The Unsinkable Speculationship


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Like the majority of Leicester City fans, and great number of external fans of football, I’m still coming to terms with the departure of Claudio Ranieri from the helm of a club that is still reeling from the epicness of its previous season.

If you’ve ever been inclined to read anything I blog post or tweet, I actually am fairly positive, not overly critical, and try my best to look at he club, the management, the players, and events around the club in as balanced manner as I can. Sure I can be biased. Perhaps I can occasionally draw the wrong conclusions at times, but I’m just a fan. I don’t purport to have any inside knowledge, and I don’t gossip, or unfairly lambast or unduly praise where it’s not warranted.

This post has no comedy photos, no attempted witty sub headers.

I’ve tried to reflect on the last few weeks as it has slowly developed and come to its heart-breaking conclusion.

As I read the following epitaph from Ranieri himself, an overwhelming feeling of sadness and disappointment came over me.

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I know that Ranieri has made errors of judgement, at times poor tactical decisions, and certainly some odd substitutions in some games, but I am trying to understand what he had himself to deal with to try to make the team a success once more, and it’s certainly not straightforward.

Like last year a number of factors have come together to produce the negative yin to what was our positive yang.

We can all agree that the trip to the States in the summer was probably a fairly lucrative offer that our owners couldn’t turn down.

I’m doubtful that Ranieri was happy for our players to clock up the air miles, train inconsistently, and suffer at the hands of teams with colossal reserve teams, never mind the first teams they have at their disposal. You put on top of that no real chance to experiment with any positivity without being punished.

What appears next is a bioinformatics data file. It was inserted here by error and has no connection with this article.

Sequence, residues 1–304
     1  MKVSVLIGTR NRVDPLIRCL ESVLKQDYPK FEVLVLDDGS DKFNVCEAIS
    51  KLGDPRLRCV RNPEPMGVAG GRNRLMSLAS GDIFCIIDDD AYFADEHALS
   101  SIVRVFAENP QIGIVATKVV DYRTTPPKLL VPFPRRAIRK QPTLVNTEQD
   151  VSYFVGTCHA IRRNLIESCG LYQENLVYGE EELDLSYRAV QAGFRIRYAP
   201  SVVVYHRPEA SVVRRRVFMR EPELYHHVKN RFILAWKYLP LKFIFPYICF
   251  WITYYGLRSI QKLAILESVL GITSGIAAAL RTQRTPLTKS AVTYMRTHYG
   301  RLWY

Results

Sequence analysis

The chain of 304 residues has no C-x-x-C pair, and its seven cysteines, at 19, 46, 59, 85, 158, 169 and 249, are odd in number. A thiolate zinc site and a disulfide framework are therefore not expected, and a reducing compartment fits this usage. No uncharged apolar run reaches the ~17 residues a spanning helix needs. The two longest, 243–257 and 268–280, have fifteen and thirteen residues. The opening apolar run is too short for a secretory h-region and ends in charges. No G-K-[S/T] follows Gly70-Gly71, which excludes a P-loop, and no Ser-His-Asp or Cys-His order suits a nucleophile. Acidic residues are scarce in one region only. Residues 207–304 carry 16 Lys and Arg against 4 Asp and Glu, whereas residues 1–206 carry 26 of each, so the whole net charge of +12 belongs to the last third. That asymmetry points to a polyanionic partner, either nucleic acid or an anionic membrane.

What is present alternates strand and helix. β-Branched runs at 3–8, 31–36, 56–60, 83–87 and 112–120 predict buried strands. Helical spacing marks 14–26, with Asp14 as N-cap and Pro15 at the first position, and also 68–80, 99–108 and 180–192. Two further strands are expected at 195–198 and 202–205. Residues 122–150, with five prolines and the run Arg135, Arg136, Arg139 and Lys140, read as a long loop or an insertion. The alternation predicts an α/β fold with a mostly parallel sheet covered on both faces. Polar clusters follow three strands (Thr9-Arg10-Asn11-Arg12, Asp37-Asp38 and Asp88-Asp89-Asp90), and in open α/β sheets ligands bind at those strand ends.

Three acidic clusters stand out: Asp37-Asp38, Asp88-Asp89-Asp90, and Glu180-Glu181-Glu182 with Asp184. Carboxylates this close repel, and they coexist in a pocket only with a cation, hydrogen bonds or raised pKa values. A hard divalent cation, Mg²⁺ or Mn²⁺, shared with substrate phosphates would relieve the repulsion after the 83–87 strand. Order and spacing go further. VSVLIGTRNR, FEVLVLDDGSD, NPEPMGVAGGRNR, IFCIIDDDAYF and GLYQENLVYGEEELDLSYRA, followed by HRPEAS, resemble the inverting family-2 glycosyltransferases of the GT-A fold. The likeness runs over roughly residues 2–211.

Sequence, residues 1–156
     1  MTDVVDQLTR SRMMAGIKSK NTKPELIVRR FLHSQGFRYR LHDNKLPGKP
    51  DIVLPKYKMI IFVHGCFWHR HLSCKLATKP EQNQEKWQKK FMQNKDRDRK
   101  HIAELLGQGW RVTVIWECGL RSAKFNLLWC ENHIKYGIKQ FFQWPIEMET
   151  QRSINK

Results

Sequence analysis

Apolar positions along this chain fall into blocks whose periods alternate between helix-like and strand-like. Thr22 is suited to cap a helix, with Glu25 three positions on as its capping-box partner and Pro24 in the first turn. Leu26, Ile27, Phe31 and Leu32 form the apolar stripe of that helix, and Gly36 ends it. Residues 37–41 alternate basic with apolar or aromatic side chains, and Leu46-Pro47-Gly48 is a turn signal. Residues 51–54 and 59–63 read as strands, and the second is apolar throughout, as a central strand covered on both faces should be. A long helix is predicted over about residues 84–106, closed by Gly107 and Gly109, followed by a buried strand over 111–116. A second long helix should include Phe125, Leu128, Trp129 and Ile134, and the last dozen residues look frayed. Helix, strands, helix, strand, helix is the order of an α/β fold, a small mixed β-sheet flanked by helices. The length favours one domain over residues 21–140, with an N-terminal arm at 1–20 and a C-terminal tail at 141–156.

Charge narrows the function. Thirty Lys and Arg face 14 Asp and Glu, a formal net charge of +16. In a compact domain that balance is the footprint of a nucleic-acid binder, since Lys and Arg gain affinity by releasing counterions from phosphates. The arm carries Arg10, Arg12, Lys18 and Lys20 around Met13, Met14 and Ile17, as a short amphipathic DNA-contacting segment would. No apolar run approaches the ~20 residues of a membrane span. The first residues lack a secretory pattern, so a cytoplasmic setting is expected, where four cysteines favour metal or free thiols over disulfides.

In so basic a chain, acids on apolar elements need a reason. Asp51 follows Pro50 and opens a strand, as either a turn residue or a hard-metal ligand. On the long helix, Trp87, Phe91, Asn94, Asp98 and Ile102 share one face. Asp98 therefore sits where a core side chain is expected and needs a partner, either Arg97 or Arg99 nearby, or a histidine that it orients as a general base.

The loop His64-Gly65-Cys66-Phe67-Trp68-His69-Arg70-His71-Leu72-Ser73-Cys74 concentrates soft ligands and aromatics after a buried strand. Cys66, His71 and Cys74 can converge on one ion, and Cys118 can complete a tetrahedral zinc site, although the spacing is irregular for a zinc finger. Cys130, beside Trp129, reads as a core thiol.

Whilst the tour can’t be blamed for our fortunes this season it was the wrong foot to start on. Fitness levels were clearly well behind last year when we went into our first 5 or 6 fixtures.

Players who had the endless energy and verve last season, were lethargic and mentally looked as though they weren’t hungry anymore.

Journalists and some fans have blamed the bumper contracts for some, and the few overlooked may have created a split in the camp. New players were brought in and our spend was that of which we’ve never seen at our club. I even caught myself discussing numbers with work colleagues like it nothing. Pure FM daydream stuff.

I figured that bringing in Slimani would keep Mahrez, and between the pair of them a slick understanding could flourish, one boosting the other, and the rest of the team slowly getting fitter and eventually coming around and the momentum built on a new desire and yearning, inclusive of a Champions League experience, would bring the team together and we’d settle, and for me, a 10th place might be feasible given the workload of serious fixtures.

As I write this, I feel as though I’m writing a season review. A depressing season review. The season is not over. There are 13 games to try to maintain our status!

However, all my optimism that at some point we’d pull it together, shake of the cobwebs or shackles of expectations, were slowly ground into the dirt.

From my observations some players were dragging their heels, playing with the handbrake on, and not shifting out of 2nd gear. I assumed, that surely, it’s some tactic that Ranners was trying to wrongly impose on the players. It’s been suggested in some articles that the players wanted to play balls to the wall attacking football, like last year, with quick and hard pressing, but Ranieri quashed this.

I don’t work at the club, and I certainly am not privy to the training and tactics that were requested of the players, yet when I’ve seen the lacklustre displays from individuals I wonder whether the humps they were carrying were slowly them down to the point that they couldn’t achieve the hard pressing that they wanted to.